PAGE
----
In the year 1830 a patent was taken out by Mr. Robert Hicks for "an economical apparatus or machine to be applied in the process of baking for the purpose of saving materials;" and for carrying this invention into effect on the great scale, the Metropolitan Bread Company (now extinct) was established. The saving of materials mentioned in the title just quoted, had reference to the saving of the vinous spirit which is generated by the fermentation of the dough, and is given off chiefly in the process of baking. This spirit, when duly rectified, is pure alcohol, and the quantity thus* obtained from bread has been variously stated; but we believe it amounts to nearly a gallon per sack of flour when the oven is perfect, and the joints well luted. To make a chamber or retort so impervious as to carry on the process of distillation as well as that of baking, would, of course, be impracticable with such porous and friable materials as brick and stone; Mr. Hicks, therefore, adopted one of iron, laying inside upon the bottom a floor of bricks, that too scorching a heat might not be communicated from the metal to the bread; a fire is made under the oven, at a proper distance, and brick flues communicating with the fire chamber, are carried around the outside of the oven, so as to envelope every part.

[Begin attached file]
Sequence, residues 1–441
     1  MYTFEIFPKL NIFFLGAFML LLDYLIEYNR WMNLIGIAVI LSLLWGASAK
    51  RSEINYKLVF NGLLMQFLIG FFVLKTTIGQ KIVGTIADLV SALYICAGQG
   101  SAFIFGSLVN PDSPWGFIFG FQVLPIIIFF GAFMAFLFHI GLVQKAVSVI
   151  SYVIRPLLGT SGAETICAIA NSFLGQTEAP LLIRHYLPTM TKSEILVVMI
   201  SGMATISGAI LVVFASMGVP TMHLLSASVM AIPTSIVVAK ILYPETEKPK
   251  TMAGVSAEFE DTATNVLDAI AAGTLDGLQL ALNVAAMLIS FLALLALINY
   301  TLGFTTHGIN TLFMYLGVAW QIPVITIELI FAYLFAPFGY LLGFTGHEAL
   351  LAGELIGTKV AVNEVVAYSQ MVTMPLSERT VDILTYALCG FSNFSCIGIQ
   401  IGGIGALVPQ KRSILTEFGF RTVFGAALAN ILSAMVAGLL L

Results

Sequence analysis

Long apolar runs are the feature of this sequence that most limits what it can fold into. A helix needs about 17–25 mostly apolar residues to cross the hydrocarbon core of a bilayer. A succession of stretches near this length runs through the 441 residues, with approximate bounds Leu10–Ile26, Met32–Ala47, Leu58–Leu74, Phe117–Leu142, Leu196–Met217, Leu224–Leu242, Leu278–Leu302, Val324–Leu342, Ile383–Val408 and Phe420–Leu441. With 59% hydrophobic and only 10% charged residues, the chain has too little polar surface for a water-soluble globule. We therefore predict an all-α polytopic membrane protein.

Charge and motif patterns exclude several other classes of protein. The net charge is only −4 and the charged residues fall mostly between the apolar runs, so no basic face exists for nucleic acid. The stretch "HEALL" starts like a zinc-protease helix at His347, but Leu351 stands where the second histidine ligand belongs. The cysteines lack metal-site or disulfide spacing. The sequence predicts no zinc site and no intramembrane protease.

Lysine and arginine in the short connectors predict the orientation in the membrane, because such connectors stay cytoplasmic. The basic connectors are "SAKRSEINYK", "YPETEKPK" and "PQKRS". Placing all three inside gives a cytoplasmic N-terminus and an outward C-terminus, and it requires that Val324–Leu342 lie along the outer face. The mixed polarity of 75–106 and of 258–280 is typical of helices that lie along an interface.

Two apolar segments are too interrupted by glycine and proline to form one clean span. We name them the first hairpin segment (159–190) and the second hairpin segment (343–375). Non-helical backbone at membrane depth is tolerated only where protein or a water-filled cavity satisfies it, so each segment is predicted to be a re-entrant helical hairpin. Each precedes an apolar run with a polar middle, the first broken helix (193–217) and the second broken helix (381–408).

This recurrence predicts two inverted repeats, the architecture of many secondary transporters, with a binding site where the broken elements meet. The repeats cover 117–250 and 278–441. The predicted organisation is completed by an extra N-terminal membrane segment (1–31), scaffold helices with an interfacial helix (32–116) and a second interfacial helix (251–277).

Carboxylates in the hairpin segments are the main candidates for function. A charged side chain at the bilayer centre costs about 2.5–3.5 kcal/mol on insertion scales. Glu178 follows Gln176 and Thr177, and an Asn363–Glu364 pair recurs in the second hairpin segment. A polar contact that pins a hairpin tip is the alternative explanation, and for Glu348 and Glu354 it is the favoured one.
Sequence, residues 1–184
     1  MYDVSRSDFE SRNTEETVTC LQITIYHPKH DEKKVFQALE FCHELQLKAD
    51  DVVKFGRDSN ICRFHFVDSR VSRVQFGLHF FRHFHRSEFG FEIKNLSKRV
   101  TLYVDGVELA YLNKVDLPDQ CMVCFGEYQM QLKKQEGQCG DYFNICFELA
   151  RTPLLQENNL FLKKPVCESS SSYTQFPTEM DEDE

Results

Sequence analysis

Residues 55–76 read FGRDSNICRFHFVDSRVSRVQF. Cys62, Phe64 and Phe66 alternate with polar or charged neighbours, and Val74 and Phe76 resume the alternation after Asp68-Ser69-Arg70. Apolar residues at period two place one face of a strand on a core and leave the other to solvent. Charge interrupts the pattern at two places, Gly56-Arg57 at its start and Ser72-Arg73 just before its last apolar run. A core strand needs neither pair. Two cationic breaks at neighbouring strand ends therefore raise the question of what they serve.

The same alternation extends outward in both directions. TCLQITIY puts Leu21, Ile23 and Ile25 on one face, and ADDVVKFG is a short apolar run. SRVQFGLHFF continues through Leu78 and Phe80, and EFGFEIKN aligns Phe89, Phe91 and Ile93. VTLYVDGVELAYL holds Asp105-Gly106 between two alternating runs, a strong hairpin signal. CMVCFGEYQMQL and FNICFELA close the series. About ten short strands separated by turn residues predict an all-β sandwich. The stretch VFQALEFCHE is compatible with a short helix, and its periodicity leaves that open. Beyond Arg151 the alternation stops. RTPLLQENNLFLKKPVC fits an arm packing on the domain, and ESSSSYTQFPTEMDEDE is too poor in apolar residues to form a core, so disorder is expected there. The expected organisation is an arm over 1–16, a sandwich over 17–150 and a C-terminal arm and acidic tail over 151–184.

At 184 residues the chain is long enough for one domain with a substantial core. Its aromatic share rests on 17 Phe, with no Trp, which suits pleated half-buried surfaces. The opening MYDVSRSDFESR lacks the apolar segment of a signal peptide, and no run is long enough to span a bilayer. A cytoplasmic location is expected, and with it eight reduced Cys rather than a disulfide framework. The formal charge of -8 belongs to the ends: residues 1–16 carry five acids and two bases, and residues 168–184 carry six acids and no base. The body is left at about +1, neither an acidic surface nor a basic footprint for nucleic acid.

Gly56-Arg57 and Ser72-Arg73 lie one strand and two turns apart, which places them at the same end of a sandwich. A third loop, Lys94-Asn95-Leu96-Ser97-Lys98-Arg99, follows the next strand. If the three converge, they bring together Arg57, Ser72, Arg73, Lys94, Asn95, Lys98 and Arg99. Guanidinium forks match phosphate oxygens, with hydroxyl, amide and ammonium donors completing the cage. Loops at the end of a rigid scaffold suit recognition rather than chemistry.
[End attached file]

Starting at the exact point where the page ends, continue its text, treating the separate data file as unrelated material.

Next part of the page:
The door of the oven is made to fit it accurately by grinding, and is brought into close contact by a transverse bar and screw, in the manner of closing the mouths of retorts. In the centre of the top of the oven a large tube, or neck, is fixed vertically, extending from the brickwork which covers the iron chamber; in this tube the vapours from the bread are collected, and are thence conducted by a lateral pipe into a common distiller's worm, which, being surrounded by cold water, the vapours become condensed, and the resulting liquid, composed chiefly of water and alcohol, in the state of "low wines," is drawn off into suitable receptacles for subsequent rectification. In order to regulate the temperature of the oven, an iron tube, about the size of a musket barrel, and about a foot long, and closed at the lower end, is suspended vertically in the middle of the neck by passing it through a conical hole in the latter, to which it is closely fitted: in this tube oil is deposited, and into the oil is suspended the bulb of a thermometer, whose graduated scale above exhibits the temperature of the oil, and, consequently, very nearly that of the oven.